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The World Summit on the Information Society (WSIS) has served as a pivotal platform for fostering cooperation among governments, civil society, the private sector and technical communities to collectively address the opportunities and challenges brought about by the digital age. The UN Global Digital Compact (GDC) has expanded the scope of the global digital governance agenda beyond the internet-related public policy issues outlined in the WSIS consensus. It has put the spotlight on global inequality, also calling attention to the concentration of market power, the challenges posed by emerging technologies, in particular AI, and the need for renewed and more effective cooperation.

As the WSIS+20 milestone approaches, WSIS action line facilitators and all digital governance stakeholders should reflect on the last two decades in the view of: 

  • Affirming the WSIS goal as outlined in the Geneva Declaration to “build a people-centred, inclusive and development-oriented Information Society, where everyone can create, access, utilize and share information and knowledge, enabling individuals, communities and peoples to achieve their full potential in promoting their sustainable development and improving their quality of life, premised on the purposes and principles of the Charter of the United Nations and respecting fully and upholding the Universal Declaration of Human Rights.”1
  • Reviewing and adjusting the action lines to respond to persistent and in some instances growing digital inequality.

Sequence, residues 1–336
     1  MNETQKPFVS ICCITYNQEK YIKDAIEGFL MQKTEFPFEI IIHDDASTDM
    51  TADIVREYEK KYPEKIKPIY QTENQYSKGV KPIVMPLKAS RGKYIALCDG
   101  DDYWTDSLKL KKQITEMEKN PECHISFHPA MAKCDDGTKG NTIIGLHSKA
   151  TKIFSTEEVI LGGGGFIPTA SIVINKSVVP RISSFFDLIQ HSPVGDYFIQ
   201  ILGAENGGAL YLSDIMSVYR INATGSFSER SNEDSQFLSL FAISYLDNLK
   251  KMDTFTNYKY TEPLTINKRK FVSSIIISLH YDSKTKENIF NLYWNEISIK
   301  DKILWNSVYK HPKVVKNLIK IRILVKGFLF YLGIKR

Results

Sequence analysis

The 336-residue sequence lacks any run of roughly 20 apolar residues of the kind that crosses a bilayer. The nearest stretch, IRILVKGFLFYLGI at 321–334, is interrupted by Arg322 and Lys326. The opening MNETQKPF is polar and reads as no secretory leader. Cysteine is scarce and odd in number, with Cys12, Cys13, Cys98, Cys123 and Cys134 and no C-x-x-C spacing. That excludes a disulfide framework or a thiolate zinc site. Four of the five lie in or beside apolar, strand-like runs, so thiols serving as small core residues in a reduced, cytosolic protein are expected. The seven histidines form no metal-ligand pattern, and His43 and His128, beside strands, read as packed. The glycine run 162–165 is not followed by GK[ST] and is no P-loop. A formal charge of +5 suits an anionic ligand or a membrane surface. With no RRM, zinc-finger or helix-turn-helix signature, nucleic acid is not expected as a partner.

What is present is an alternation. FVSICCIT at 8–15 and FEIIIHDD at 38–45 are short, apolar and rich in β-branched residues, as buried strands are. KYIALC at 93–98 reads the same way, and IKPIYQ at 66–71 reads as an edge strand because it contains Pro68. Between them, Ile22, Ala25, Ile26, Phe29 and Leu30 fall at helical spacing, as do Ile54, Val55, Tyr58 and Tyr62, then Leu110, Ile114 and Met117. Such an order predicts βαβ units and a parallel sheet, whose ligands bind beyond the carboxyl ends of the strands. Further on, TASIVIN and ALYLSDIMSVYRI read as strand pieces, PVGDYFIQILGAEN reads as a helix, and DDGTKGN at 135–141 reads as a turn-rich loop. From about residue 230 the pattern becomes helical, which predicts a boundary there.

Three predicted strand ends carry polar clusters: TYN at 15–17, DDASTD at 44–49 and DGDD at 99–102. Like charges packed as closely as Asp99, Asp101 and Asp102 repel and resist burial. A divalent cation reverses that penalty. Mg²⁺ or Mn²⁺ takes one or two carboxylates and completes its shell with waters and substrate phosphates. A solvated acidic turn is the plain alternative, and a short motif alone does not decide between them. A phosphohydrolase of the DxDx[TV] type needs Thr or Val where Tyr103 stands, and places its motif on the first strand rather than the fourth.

• Addressing urgent global challenges such as that posed by climate change and degradation of our natural environment, in many instances exacerbated by digital transformation.
  • Responding to trends in tech-related innovation and market structure.
  • Mapping continuities and establishing new priorities, such as the urgent imperative to operationalise meaningful connectivity.
  • Renewing commitment to the WSIS principles of participation in light of new developments towards truly transparent, inclusive, accountable and democratic governance of digital technologies at all levels, drawing on the NETmundial+10 São Paulo Guidelines.
  • Integrating GDC and WSIS follow-up and implementation.
  • Placing gender justice at the core of the WSIS and GDC processes, ensuring that the governance, development and use of technology are inclusive and benefit women and girls, in all their diversity, in order to prevent the deepening of gender inequality and promote equitable access and participation in the digital context.2

Based on its vision of a people-centred information society, the range of issues covered by the Geneva Plan of Action encouraged a systemic approach to integrating digital technologies into different sectors and disciplines. This, in turn, created opportunities for diversity in approaches and participation of stakeholders, particularly civil society. However, despite the fact that global digital resources reach more people across the world now, at the same time, barriers to internet access have reinforced social and economic inequalities. The transformation of the tech landscape has been parallel to key shifts in governance mechanisms, which have assumed a techno-solutionist approach, distanced, unfortunately, from the original communitarian, people-oriented promise of WSIS. The 20-year review provides an opportunity to move away from the focus on the digital to look at the well-being of people and the planet.